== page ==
Securitys House of Credit Cards

 
 
By eWEEK Editorial Board  |  Posted 2005-07-11 Email Print this article Print
 
 
 
 
 
 
 

Corporate executives and IT managers must work together to define how their companies store and use sensitive data. Then they must consistently implement the practices they define.

The barrage of troubling enterprise security breaches continued last month when MasterCard International announced that a lapse on the part of its partner, CardSystems Solutions, had exposed 68,000 customers to a high risk of theft. As a third-party payment processor for MasterCard, Visa and American Express, CardSystems had access to vast amounts of customer data—most of which it was not supposed to keep on its servers but, rather, discard after transaction processing. In addition, much of the data was stored unencrypted, despite the credit card companies requirements to the contrary.

CardSystems has even acknowledged that it kept the three-digit security codes—the codes that are supposed to make a credit card number alone insufficient—in the same unencrypted store with those account numbers.

This incident also brings to light more serious issues regarding inappropriate data usage. CardSystems has claimed that it retained data for the purpose of investigating spurious reports of failure to complete transactions. We dont think that reason is good enough—especially when CardSystems was under a contractual obligation to encrypt the data on hand and discard it as soon as possible.

Whatever CardSystems claims it was using the data for, its excuses do nothing to cushion the blow to the thousands of credit card holders who faced elevated risks of fraud. Credit card issuers such as Citigroup, JPMorgan Chase and MBNA America Bank should reverse their current policy of not notifying cardholders unless their accounts are defrauded.

Such disclosures are mandated by the California Security Breach Information Act, in effect since July 1, 2003, which requires companies based in California or with customers in California to notify the customers whenever their unencrypted personal information may have been compromised.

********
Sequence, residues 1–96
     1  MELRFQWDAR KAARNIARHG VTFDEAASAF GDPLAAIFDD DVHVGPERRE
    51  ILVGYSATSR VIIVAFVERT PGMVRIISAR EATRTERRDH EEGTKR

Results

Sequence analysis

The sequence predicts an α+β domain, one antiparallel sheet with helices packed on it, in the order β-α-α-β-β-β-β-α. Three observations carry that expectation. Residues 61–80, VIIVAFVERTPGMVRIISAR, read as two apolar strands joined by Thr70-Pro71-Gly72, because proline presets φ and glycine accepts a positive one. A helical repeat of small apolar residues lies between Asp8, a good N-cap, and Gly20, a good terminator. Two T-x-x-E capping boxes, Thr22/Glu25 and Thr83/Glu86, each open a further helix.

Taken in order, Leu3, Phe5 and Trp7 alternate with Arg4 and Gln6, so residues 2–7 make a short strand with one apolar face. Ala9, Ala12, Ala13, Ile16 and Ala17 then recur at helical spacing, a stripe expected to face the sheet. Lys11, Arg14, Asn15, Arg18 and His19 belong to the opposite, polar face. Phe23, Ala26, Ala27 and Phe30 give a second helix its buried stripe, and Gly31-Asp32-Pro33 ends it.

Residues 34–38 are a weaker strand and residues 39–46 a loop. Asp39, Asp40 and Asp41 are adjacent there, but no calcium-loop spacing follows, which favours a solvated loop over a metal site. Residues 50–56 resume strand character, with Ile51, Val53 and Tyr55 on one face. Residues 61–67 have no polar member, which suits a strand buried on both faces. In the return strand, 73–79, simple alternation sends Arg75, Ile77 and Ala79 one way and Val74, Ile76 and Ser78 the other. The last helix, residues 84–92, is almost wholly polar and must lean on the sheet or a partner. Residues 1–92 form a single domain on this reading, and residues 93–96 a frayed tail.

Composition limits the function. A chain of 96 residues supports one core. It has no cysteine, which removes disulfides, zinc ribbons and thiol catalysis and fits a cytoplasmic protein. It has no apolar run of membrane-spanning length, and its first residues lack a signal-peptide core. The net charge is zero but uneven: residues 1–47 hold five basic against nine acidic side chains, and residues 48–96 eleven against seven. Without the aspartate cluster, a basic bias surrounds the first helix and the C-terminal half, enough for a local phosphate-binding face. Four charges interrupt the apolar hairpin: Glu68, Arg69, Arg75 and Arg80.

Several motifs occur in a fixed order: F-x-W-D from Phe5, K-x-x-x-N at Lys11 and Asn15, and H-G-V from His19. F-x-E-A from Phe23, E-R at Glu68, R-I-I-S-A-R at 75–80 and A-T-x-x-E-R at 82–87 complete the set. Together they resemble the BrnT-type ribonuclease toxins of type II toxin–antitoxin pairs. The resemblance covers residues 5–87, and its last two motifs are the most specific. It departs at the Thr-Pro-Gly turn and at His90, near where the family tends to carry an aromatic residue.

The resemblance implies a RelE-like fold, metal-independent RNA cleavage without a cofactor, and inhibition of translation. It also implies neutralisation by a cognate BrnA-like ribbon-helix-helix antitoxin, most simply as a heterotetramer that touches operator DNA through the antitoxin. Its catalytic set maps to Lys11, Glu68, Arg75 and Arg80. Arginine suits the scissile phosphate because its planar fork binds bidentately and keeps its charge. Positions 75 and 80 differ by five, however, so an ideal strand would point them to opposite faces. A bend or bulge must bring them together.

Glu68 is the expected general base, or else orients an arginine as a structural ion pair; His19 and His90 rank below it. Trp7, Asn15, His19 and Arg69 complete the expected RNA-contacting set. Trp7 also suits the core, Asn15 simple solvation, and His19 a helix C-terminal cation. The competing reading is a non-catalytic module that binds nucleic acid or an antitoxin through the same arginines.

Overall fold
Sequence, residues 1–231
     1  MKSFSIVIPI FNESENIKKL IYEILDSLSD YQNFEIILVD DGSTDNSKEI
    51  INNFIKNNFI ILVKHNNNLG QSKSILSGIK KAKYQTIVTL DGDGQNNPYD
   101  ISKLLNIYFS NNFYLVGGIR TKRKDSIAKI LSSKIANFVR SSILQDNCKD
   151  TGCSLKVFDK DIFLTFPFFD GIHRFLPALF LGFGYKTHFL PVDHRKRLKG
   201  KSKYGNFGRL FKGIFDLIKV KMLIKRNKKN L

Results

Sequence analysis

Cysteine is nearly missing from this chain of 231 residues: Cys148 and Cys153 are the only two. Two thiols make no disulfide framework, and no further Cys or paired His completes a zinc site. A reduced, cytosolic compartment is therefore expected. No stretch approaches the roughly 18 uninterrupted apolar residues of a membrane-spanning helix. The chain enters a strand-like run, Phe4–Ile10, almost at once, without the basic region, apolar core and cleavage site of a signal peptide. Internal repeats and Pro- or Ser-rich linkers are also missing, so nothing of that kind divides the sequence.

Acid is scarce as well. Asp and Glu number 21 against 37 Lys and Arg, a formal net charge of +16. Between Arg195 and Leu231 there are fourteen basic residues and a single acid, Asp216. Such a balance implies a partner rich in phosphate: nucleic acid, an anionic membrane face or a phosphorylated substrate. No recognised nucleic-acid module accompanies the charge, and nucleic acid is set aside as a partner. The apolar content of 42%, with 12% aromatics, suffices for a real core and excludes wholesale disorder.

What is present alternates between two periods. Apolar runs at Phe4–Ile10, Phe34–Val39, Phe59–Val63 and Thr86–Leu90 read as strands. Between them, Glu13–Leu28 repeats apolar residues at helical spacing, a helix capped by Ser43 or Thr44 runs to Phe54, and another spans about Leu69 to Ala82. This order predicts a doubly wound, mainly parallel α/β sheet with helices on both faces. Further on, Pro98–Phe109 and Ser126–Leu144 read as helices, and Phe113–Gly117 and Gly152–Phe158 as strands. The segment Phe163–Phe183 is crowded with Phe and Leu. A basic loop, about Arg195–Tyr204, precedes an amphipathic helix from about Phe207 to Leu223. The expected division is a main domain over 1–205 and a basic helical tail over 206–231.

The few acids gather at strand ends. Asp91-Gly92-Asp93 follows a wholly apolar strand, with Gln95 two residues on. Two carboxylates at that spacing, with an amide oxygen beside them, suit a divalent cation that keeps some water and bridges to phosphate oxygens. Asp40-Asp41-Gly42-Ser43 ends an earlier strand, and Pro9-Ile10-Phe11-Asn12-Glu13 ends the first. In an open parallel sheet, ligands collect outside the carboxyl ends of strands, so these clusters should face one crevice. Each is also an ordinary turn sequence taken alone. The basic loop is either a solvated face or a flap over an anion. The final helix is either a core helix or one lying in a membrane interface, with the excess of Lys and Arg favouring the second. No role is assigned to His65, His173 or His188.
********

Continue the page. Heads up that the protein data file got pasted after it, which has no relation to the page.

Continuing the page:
The incident should serve as a wake-up call for every company to take a fresh look at what kind of data it keeps, for how long and in what form—and to discard data, or replace it with statistics for future research or reporting, at the earliest opportunity. Data that is no longer stored cant be snooped.

Until a better alternative comes along, credit cards will play a crucial role in the economy. But with the sheer number of mergers and acquisitions—not to mention bankruptcies—occurring today, a large amount of data is floating around in a vulnerable state.

Whether that data is stored internally or by a third-party partner, a failure on the part of any organization to set and follow strict guidelines on whether the data should be stored at all and when it should be discarded makes storage vendors rich today—and could make plaintiffs attorneys richer tomorrow.

Corporate executives and IT managers must work together to define how their companies store and use sensitive data. Then they must consistently implement the practices they define.

Tell us what you think at eWEEK@ziffdavis.com.

 
 
 
 
 
 
 
 
 
 
 

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